“The brush from her dresser?”
I nodded in response. “It, it broke.” The pieces lay on the kitchen floor. I walked over, picked them up and showed him.
He sat down in a kitchen chair. I heard the door to Mommy’s bedroom close with a click. He hung his head. He looked tired.
I walked over and lay my head on his shoulder. He pulled me into his work shirt. It smelled of Old Spice mixed with sweat from his day. It was the Daddy smell that I loved.
His words came slowly rumbling deep within his chest. “Everybody makes mistakes. Remember a few nights ago, I spilled my tea? We laughed and I cleaned it up.”
“Mommy kept telling me I was bad.”
“Can you remember what she said? What words did she use?”
“She kept calling me somebody else’s name and said I was bad.”
“She called me Mandy. She said I knew that Mandy was bad.”
I looked at him. His eyes were wet, too.
“It’s OK, Sarah. You are not Mandy.”
Daddy took me into my room and got me a clean shirt, my favorite one with the clown on it. I didn’t know the shirt I was wearing had a rip in the back right in the place that hurt the most, the place where Mommy hit me.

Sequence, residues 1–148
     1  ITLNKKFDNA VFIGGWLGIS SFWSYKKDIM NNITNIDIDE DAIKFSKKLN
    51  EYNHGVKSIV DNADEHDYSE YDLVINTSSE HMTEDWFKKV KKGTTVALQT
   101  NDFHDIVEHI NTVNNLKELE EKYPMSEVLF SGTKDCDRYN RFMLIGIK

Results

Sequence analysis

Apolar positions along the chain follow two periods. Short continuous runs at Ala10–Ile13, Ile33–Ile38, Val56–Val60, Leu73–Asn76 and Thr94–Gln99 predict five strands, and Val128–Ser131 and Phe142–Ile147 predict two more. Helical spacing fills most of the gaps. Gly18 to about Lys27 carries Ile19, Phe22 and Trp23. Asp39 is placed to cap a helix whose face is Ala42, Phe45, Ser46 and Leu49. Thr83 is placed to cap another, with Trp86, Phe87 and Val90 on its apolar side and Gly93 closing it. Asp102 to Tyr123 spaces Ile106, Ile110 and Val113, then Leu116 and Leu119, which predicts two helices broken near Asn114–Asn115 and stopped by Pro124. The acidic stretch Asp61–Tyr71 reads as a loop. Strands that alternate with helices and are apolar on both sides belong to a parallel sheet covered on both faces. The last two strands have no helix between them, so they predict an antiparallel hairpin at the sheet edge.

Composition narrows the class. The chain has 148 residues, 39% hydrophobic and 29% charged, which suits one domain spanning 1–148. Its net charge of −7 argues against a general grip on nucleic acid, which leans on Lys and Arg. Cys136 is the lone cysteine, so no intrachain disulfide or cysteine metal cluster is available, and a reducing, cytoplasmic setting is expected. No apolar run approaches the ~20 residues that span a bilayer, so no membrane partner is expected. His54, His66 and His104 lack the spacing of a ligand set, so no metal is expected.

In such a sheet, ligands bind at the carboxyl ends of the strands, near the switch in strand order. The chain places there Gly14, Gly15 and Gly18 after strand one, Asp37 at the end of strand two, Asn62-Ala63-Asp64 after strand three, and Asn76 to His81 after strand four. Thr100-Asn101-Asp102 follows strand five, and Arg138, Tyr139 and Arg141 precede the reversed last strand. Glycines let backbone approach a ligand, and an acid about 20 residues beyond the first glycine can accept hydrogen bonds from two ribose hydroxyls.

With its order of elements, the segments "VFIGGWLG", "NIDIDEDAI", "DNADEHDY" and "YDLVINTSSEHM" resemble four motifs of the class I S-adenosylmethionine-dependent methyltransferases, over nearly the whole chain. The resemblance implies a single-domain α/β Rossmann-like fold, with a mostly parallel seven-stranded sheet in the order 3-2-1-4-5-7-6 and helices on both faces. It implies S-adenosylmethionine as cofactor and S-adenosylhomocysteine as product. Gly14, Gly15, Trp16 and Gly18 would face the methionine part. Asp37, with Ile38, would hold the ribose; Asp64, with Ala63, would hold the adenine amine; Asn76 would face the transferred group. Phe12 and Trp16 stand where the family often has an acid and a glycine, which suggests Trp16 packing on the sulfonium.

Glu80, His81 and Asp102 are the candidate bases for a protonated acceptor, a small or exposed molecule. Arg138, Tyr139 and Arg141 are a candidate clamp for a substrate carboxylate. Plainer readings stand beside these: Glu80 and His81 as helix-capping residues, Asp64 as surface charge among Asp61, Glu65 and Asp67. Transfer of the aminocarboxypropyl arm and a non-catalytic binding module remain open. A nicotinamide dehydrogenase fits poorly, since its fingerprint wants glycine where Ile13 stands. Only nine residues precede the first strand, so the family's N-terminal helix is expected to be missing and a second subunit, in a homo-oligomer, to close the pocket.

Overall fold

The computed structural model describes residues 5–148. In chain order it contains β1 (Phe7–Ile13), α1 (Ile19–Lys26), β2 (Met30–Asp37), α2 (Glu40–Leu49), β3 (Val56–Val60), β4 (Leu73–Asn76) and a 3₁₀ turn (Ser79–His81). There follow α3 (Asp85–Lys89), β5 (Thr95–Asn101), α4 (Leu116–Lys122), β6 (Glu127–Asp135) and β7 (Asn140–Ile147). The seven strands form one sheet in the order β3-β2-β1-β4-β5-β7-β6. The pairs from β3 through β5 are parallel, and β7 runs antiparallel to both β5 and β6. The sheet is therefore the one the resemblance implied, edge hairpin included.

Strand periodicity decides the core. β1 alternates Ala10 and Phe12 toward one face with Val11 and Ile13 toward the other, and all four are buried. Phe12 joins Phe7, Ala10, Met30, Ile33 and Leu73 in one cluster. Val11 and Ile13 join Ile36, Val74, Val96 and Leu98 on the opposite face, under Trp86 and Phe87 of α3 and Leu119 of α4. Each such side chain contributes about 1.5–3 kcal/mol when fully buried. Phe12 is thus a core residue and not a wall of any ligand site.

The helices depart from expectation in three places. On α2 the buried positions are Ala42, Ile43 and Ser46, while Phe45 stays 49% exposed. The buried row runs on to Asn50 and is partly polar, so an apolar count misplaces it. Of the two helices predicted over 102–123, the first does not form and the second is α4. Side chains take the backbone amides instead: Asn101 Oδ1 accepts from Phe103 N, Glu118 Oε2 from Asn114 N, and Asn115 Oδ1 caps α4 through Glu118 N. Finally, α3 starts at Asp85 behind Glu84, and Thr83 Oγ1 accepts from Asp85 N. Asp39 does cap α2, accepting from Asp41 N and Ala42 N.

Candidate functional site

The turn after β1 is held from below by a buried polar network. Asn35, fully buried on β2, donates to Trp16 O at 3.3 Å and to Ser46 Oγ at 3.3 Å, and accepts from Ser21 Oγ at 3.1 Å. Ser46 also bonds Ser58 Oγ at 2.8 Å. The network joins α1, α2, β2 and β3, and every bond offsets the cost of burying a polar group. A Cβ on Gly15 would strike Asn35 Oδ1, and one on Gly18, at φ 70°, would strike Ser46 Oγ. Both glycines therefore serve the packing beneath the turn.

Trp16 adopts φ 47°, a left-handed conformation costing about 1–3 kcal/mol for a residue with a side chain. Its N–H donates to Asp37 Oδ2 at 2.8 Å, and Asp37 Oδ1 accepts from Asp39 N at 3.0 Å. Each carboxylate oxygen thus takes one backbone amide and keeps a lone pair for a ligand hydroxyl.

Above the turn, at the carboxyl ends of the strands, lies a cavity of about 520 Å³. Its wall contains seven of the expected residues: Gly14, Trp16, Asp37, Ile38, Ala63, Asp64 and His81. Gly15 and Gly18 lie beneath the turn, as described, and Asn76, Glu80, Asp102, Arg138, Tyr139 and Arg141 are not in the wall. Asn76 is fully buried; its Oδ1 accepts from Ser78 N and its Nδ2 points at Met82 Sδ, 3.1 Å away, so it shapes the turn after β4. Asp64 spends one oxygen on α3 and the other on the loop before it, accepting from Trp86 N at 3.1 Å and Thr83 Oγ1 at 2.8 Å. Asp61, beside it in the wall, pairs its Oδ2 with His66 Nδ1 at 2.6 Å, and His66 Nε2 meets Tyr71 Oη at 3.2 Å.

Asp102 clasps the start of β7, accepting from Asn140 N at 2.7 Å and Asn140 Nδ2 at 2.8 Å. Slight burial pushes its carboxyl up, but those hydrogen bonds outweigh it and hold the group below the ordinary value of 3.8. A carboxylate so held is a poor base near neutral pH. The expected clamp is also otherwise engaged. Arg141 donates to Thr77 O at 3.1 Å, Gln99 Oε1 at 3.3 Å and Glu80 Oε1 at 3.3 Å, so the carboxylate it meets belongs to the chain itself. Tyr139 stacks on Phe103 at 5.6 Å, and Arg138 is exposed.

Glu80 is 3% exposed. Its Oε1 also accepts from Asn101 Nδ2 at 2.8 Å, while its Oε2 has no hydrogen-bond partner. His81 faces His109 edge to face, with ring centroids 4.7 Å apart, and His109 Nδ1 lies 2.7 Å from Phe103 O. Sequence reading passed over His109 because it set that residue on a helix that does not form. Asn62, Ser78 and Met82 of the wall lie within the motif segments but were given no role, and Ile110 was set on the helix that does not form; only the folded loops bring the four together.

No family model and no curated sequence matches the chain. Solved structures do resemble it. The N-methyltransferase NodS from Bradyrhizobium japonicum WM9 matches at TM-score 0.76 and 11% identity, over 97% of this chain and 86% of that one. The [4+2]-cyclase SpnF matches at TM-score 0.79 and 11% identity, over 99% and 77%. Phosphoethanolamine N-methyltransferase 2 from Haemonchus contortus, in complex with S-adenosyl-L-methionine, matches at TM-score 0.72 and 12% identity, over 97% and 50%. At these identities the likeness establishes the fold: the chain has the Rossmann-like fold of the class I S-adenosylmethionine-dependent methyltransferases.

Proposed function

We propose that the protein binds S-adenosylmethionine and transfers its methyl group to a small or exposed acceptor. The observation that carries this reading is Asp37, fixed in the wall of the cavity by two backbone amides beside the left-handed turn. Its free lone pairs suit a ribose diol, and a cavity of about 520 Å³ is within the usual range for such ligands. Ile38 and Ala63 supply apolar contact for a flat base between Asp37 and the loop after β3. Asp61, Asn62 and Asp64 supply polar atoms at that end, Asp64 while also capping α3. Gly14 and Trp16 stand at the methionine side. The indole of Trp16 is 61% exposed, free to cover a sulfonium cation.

He took me in the bathroom and put some ointment on cuts and bruises. It didn’t really make them feel better but I knew he was trying.
Then, we cleaned up the spilled milk and poured another glass for Adam. That’s when my brother came banging through the back door all dirty from playing baseball with his friends. Daddy asked him to wash up. Then Daddy went in the bedroom to try to get Mommy to come to supper.
I kept wondering all this time who Mandy was. Maybe she was a new little girl in the neighborhood or one of Mommy’s friend’s kids. Mommy was always talking to her friends on the phone. Maybe they told Mommy that Mandy was bad. Then, when I spilled the milk Mommy thought I was acting like Mandy.
I just couldn’t figure it out. I could hear Daddy’s silky smooth voice speaking in Mommy’s bedroom but I couldn’t understand what they were saying.
Adam sat down and started dishing up potatoes, green beans and hamburger patties. I glared at him. He knew he was supposed to wait for Daddy and Mommy.
“Make me,” he countered. He was a year younger than me but already he could beat me up.
I knew he wouldn’t listen to me. So I went to get Daddy. Just as my hand was poised to knock on the door, I heard Daddy talking.
“Suzy, why won’t you talk to me? You’ve never shut down like this before.”
“Honey, you have to talk to me. You just have to. If not, you know I’ll have to call the doctor.”
I held my breath.
“Amanda Sue, speak to me.”
Mommy’s name isn’t Honey. It’s not Suzy.”
My heart fell to the floor. It’s…Mandy.
© Copyright 2011 by Teresa Parker